The time away has proven to have been good for body and soul. We are happy to be serving in one of the most beautiful temples on earth, among some of God’s most beautiful children, in one of the most beautiful places on earth. We seem to have a clearer perspective of the work we are engaged in and the rare opportunity we’ve been given to serve here – again.

I do hope you will indulge us in sharing some of our experiences and photos of our trip. For those who abhor travel logs, you are free to click the white-on-red X at the top left of your screen. I will never know. 

So, here are some highlights of New Zealand:

Early morning hot air balloon ride, Hamilton, NZ.

Everyone was included in launch preparations.

Launch site at take-off.
Idylic countryside with the Hamilton, NZ temple, center.

Happy Landing!!

Dinner Cruise Auckland Harbor

"That's our boat in the center there? For our dinner cruise? Will we fit?  
Yes! All seventeen guests, plus a crew of two. And what a lovely meal it was!

Our able Captain, Jason and First Mate, Makala

Hoisting the sail.

Sailing under the Harbor Bridge.  Wait..
"Who's drivin' this fly umbrella?" (Name the movie.)

We thought for sure our sail would hit the bridge (pictured above). Notice the two extensions on either side of the bridge. These were designed by a Japanese firm and 'hung' onto the existing bridge when it became obvious that bridge traffic demanded four lanes instead of the original two.

Altogether a lovely evening on the water.

Rotorua is home to world famous Pohutu Geyser which erupts on average once or twice each hour and can reach heights of up to ninety feet. It is also the location of a Maori cultural education center with a carving school, weaving school, and a traditional fully carved meeting house where we were entertained by traditional dances of the haka and the female poi dance. This is also where we found our little glass kiwi bird.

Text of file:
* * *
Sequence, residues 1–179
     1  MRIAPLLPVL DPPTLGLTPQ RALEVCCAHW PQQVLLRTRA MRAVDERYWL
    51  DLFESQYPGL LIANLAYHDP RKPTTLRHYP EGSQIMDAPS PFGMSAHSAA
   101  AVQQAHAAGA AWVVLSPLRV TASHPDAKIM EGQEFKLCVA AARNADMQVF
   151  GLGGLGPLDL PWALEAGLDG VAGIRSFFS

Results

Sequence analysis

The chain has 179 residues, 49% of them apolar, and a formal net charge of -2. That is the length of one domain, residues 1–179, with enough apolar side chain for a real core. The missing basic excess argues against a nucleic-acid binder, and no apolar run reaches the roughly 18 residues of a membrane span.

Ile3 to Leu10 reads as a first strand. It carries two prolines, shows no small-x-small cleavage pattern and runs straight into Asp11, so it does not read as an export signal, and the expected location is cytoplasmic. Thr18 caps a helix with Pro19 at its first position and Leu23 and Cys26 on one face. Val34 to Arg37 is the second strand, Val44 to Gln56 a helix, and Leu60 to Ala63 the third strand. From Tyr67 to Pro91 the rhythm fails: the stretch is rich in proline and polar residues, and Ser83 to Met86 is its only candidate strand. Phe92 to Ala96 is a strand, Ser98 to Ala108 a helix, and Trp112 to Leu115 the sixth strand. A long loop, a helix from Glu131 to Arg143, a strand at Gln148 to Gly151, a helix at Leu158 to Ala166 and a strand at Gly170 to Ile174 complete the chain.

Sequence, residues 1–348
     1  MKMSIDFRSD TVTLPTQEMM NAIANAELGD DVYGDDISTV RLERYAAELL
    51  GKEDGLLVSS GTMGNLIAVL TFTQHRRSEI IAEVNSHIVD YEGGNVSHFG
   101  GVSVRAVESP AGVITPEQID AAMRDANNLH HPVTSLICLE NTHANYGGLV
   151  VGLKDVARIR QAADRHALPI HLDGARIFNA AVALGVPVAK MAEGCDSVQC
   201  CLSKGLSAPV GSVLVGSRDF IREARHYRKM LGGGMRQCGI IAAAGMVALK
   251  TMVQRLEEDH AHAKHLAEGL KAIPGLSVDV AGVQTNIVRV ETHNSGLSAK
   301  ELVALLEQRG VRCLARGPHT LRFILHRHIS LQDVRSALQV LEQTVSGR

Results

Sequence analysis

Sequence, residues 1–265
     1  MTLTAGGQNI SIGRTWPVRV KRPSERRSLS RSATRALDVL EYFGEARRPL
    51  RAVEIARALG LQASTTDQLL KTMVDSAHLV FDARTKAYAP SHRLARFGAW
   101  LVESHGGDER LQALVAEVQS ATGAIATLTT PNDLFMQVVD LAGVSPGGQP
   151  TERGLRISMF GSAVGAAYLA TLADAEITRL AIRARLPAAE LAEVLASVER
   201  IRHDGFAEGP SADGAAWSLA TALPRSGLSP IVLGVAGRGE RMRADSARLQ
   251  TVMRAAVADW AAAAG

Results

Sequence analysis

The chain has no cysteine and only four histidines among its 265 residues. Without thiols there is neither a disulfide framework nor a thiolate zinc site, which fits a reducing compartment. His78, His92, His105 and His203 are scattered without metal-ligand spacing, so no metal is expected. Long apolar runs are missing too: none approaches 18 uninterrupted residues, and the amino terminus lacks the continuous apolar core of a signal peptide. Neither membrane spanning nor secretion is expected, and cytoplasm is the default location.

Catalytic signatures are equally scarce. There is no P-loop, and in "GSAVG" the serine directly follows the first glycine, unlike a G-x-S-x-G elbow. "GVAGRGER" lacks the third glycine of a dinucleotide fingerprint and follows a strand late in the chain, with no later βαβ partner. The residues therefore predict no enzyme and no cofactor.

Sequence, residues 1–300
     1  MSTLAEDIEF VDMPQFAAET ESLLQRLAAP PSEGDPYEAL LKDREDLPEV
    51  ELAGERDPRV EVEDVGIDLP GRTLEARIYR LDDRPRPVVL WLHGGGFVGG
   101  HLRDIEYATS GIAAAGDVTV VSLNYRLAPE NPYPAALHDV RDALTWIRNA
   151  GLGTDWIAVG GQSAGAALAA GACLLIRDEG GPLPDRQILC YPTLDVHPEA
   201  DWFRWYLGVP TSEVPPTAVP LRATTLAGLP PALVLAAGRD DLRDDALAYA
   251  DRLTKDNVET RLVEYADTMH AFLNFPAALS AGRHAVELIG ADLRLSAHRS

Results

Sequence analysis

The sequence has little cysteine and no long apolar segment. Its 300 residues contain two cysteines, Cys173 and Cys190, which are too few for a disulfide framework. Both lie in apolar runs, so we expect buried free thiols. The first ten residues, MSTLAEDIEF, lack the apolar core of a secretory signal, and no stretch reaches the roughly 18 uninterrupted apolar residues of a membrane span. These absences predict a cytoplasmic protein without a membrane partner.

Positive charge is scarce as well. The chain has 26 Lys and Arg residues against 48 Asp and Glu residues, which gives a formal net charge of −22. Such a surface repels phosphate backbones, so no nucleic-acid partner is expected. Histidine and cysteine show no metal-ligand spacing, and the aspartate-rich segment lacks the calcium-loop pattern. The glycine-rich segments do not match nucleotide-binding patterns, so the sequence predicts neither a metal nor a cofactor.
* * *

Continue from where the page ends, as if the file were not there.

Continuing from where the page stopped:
In both pictures you can see the detailed carvings that grace
 both interior and exterior of the meetinghouse.

Hamilton New Zealand Temple

The Hamilton New Zealand Temple was also closed for the same two weeks as the Apia Samoan Temple. We took advantage of the visitors center, chatting with the missionaries serving there, and taking the tour. Sister Brown from Rigby, Idaho was nice enought to take our picture. The temple is located on a hill with picturesque bucolic views all around; rolling hills, trees, and lovely flowers on the grounds. We were happy to at least have seen it and felt the peace that surrounds it.

That's our New Zealand experience. Or at least some important highlights. Oh, and the picture at the beginning of this post, is a picture of the Sky Tower in downtown Auckland. We had a great lunch in the restaurant at the top and a panoramic view of Auckland, which is a lovely city, the harbor, and the blue mountains in the distance. 

Australia will have to wait for another day. Please pardon the crazy placement of pictures. I'm sure I aged another year before I wrapped this up and decided it would do just the way it is.

Anyway, we're 'home' now and glad to be back.

I know, its a tough assignment, but someone has to do it, right?. Wait, Leon! I'm coming.(Actually, we're on the early shift this week and we're heading straight to bed!)